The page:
Soon thereafter, Wyatt stumbles upon her in a bookstore and discovers that she has the unique ability to twitch her nose like that of the sitcom witch, yet another in a vapid pile of meta-coincidental gimmickry between the movie’s characters and those in the sitcom. Expectedly, Isabel is cast as Samantha, at which point the screenwriters have penned themselves into a corner, leaving nothing better to do for the rest of the movie than rely on Ferrell’s brand of violently surrealist comedy, a bad setup for a director more familiar with the whimsically romantic banality involved in the exchange of emails.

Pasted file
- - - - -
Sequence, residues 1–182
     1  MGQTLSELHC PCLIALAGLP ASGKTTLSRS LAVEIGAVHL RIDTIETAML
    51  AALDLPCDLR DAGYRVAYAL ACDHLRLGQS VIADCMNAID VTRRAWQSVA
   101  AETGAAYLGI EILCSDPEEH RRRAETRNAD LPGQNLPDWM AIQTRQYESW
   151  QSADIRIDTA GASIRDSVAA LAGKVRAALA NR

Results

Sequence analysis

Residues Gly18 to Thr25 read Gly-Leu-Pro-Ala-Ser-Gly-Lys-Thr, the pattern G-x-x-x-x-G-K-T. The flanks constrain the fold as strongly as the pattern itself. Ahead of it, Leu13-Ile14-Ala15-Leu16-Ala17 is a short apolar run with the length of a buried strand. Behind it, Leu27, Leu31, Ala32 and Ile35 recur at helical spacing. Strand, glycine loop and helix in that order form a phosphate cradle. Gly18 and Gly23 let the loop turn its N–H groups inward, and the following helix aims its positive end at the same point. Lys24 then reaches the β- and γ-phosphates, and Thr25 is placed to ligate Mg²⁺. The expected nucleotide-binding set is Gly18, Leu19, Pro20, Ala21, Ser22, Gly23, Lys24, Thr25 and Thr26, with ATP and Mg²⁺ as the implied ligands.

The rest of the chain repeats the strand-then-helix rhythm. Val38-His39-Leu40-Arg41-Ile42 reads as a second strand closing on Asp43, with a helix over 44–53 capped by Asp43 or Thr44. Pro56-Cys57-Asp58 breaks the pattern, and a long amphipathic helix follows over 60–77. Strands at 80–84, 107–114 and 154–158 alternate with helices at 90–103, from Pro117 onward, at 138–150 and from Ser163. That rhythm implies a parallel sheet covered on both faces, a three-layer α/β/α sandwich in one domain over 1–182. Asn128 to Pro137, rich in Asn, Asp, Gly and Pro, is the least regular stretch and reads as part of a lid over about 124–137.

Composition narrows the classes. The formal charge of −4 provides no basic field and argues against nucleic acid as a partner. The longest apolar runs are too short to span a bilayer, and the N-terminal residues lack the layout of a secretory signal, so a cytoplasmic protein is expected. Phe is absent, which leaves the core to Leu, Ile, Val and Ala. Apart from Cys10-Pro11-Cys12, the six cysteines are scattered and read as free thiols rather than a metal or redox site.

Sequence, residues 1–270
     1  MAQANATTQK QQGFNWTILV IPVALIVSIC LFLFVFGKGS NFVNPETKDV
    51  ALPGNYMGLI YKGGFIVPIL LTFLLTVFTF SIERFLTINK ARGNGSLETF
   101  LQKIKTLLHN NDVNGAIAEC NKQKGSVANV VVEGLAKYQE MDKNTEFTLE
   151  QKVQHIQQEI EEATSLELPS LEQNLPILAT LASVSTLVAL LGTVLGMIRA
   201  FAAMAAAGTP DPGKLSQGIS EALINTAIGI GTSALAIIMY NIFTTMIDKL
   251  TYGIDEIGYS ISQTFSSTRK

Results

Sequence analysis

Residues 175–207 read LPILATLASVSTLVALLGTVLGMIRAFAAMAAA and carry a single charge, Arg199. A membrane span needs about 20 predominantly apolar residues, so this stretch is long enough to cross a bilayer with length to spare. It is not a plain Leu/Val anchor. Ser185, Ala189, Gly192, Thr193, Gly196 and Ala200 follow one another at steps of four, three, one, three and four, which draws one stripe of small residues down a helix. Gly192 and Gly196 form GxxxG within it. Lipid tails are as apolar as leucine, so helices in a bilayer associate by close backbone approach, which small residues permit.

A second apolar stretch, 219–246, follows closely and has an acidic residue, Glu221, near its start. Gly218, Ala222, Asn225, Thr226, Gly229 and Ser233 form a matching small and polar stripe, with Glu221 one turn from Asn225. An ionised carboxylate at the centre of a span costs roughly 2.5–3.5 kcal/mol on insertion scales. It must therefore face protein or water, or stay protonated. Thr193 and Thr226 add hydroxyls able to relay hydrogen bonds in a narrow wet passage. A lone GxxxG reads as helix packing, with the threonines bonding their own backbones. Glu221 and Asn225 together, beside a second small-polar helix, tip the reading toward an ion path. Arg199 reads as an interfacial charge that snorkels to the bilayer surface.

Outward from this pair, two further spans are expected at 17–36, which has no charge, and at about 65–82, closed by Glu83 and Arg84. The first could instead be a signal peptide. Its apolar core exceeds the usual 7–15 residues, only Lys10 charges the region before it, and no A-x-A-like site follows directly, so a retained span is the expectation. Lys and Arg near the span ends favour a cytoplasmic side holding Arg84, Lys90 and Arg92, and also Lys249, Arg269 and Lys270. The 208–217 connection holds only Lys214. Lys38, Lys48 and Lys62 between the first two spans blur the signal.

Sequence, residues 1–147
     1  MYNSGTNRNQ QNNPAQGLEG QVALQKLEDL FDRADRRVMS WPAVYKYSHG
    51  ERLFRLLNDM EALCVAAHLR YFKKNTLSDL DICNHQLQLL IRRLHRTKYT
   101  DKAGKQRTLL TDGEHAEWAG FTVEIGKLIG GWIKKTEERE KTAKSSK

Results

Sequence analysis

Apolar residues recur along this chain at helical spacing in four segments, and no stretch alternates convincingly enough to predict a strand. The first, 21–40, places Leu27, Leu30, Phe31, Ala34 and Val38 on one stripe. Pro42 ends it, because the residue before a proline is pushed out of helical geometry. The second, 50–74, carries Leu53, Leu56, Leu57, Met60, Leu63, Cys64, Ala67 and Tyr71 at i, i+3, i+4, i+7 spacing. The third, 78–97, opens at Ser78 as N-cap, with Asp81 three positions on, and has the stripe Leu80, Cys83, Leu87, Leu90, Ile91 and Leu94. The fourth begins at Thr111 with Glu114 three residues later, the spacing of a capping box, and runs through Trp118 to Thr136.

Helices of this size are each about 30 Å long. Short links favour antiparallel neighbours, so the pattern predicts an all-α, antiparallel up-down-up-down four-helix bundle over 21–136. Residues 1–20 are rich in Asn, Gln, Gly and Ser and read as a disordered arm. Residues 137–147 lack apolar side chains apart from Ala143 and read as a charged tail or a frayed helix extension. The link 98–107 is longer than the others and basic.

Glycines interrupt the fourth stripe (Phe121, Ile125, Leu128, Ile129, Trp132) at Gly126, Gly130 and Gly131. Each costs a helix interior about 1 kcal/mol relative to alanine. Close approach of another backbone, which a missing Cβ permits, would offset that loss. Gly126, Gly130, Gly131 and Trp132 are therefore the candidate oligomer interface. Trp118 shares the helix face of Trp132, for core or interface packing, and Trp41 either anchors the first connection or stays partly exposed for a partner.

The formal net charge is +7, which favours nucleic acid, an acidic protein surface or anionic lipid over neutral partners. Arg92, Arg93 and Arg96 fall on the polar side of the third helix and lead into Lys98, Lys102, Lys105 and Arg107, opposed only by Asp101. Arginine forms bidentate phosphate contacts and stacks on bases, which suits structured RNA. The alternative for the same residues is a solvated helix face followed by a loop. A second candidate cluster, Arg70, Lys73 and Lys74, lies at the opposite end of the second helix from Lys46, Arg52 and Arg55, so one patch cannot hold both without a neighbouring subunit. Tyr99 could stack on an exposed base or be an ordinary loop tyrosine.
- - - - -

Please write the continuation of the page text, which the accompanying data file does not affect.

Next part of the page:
Will Ferrell’s performance as Jack/Darren is the equivalent of one of those premature greatest hits packages musical artists are always releasing to fulfill their record contracts; he hauls out all his best stuff — the non sequitur yelling, his over-the-top scatology, and even that goddamn James Lipton impression — but it all feels so stale and hackneyed, as though Ephron put Ferrell in front of a camera with little more guidance than to say, “Hey Will, can you just do that thing you did in that movie you were in.” Likewise, Nicole Kidman — on paper, anyway — couldn’t have been better cast to play Samantha, but she’s not really playing the sitcom witch; she’s playing Isabel, a ditzy, Marilyn-Monroe voiced bimbo who actually comes across as a less empowered woman than her 1960s counterpart. In fact, it is a performance remarkably similar to the her portrayal of the prostitute Satine in Moulin Rouge, as she was attempting to seduce The Duke.